Amy Moczynski / Digital Marketing / April 26th, 2013

One Catty Attendee's Take: What Not to Do at Your Conference

I went to a conference recently that will remain nameless (for the sake of trying to protect the spurned) and I experienced some, um, interesting events that I didn’t think I’d ever encounter at a conference. Let me preface this by saying that the speakers were overall fantastic. I really enjoyed the majority of their presentations, and I felt like they had some great insights to share.

What I’m referring to is the conference organization itself, and things I didn’t find necessary or appealing. Everyone is different, and some people might have enjoyed the parts of the conference I disliked. But this is my two cents on things I could have lived without.

Don’t let the razzle dazzle detract from the main event. Sit back and let your speakers shine.

If you put time and energy into recruiting the right talent, you don’t need to go overboard on all the extras. I don’t think that blaring entrance music and emcees offering comedic relief have a place at a professional event. Know what else I think is unnecessary? A DJ – who plays Ke$ha, no less. Let the talent you recruit speak for you and your conference. Gimmicks don’t lead to return attendees.

People are paying you to teach them something. Deliver.

Regardless of how cool your swag is or how fantastic your conference website is, at the end of the day, people want to attend because they need to learn something new. They’re either attending because they are interested in the topics your conference will cover or want to hear what your speakers have to say. Make sure your speakers deliver. I understand that speakers probably don’t do a full run through of their presentation before they get up on the stage, but stress to them that the most important thing attendees want to learn is how. Luckily, the majority of speakers I heard did a fantastic job of doing this, but a few missed the mark and were slightly disappointing (and other attendees felt this way as well).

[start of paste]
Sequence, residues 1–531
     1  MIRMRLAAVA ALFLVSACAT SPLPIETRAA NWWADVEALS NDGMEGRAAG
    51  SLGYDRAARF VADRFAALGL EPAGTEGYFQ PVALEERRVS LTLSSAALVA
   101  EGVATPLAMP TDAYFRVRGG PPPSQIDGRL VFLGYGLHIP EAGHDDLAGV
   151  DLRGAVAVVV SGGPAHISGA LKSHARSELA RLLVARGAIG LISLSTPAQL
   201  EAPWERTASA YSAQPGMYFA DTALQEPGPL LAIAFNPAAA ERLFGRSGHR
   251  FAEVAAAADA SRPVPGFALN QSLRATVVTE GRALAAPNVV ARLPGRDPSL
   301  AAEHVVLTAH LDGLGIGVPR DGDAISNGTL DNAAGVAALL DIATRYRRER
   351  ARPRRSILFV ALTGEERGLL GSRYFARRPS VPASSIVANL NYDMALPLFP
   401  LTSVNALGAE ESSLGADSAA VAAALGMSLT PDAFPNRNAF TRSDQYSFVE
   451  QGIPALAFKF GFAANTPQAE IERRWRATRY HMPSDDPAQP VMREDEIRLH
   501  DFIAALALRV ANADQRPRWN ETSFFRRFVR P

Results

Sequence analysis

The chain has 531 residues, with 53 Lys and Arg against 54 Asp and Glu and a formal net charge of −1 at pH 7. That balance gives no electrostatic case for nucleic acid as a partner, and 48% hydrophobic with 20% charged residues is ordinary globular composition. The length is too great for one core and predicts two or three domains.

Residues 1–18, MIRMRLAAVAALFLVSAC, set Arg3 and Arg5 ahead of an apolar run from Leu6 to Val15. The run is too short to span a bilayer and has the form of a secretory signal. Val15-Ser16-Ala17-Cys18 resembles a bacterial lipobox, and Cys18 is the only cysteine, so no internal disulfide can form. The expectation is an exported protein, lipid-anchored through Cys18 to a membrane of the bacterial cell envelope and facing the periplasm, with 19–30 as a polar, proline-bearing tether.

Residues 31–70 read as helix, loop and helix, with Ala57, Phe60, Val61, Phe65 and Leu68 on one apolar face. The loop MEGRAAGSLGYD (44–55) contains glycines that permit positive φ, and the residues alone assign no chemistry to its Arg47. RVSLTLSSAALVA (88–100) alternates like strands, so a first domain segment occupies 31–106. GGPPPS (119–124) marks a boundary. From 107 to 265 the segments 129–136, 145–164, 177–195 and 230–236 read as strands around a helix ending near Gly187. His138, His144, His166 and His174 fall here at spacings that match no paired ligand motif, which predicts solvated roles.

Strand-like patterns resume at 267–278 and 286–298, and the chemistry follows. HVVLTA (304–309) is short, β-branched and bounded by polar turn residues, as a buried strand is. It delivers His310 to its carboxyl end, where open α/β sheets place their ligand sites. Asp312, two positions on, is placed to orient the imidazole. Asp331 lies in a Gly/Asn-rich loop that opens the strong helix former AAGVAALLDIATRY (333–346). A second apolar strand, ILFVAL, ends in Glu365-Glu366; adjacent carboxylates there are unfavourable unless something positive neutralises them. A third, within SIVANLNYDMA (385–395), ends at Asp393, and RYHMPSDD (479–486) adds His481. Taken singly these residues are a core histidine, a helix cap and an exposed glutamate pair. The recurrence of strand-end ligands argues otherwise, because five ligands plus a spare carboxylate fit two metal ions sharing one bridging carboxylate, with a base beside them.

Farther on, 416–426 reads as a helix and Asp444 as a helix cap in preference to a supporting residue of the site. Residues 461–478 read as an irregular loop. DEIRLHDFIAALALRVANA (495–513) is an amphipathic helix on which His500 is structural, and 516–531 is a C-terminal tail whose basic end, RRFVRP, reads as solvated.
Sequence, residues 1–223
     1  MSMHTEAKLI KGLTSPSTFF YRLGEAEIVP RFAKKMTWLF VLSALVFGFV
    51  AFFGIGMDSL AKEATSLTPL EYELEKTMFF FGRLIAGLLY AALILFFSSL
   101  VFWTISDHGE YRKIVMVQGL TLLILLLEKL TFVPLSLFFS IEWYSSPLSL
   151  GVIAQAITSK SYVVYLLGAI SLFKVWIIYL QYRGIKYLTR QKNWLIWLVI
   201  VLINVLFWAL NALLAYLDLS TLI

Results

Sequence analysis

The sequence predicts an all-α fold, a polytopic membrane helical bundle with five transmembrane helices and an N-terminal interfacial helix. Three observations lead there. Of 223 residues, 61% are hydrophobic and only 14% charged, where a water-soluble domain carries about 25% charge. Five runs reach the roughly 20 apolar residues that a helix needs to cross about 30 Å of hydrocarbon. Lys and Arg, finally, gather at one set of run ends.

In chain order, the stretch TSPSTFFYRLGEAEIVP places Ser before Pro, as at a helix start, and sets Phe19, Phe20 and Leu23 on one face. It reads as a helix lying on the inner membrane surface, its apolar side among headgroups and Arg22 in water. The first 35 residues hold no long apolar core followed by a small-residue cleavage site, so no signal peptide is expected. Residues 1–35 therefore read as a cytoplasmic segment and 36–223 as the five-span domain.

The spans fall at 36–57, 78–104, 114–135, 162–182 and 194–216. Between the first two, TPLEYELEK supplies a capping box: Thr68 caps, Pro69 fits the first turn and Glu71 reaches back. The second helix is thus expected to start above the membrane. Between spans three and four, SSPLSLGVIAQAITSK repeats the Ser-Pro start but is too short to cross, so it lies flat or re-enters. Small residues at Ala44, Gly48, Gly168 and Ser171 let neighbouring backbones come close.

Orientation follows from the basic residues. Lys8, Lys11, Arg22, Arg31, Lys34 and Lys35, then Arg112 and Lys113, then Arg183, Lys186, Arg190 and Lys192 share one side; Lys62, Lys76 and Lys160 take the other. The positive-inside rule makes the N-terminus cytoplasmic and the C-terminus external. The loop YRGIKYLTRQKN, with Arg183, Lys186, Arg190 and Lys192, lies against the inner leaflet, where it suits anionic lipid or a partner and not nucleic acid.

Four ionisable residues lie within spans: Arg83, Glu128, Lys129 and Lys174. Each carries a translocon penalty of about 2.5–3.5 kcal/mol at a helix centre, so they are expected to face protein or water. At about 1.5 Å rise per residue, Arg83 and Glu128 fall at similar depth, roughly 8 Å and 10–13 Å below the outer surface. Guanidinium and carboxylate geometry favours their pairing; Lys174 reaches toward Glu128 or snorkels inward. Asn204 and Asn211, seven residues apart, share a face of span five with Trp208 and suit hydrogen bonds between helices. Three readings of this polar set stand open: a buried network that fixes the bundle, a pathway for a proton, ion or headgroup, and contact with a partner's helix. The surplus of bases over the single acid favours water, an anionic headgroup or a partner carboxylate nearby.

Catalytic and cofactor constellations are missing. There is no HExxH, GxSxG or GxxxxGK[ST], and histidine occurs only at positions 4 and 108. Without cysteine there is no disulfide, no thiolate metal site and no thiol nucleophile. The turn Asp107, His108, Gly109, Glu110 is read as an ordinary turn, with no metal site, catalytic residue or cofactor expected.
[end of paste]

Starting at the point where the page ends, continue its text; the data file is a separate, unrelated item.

Don’t make your attendees do the heavy lifting. We’re here to learn, not work.

Something I really didn’t care for was spending two-plus hours out of a half day session in a group activity, brainstorming marketing tactics for a third-party organization. I was there to learn from experts, not use my knowledge for someone else’s benefit – for free, no less. I didn’t choose this conference based on what I could contribute; I paid to learn. If I wanted to work, I would have stayed at my office. Don’t make me do the heavy lifting here.

A few other general tips for people planning conferences:

Feed people – regularly. If you are putting people in a room for several hours on end, at least give them snacks. People will get cranky without food for long periods of time (read: hangry). The last thing you want to worry about is hangry conference attendees glaring at your speakers, wondering where their next meal will come from.

Recognize other things are going on in the world aside from your conference.

If breaking news is happening at the same time as your event, expect that attendees and even speakers might be slightly distracted. Maybe you shouldn’t ask them not to stream news video for fear of bringing down the wifi (especially when the wifi was already shoddy and not their fault)? Also, don’t be callous and clueless enough to request that people help get your hashtag trending while a major news event is unfolding. Your conference hashtag is not more important than the Boston Manhunt. Get a clue.

What are some of your biggest conference gripes? Sound off in the comments.

 

Hat tips to ancient history and Ally for these stellar cat photos. Photo Credit: Merlijn Hoek via Compfight cc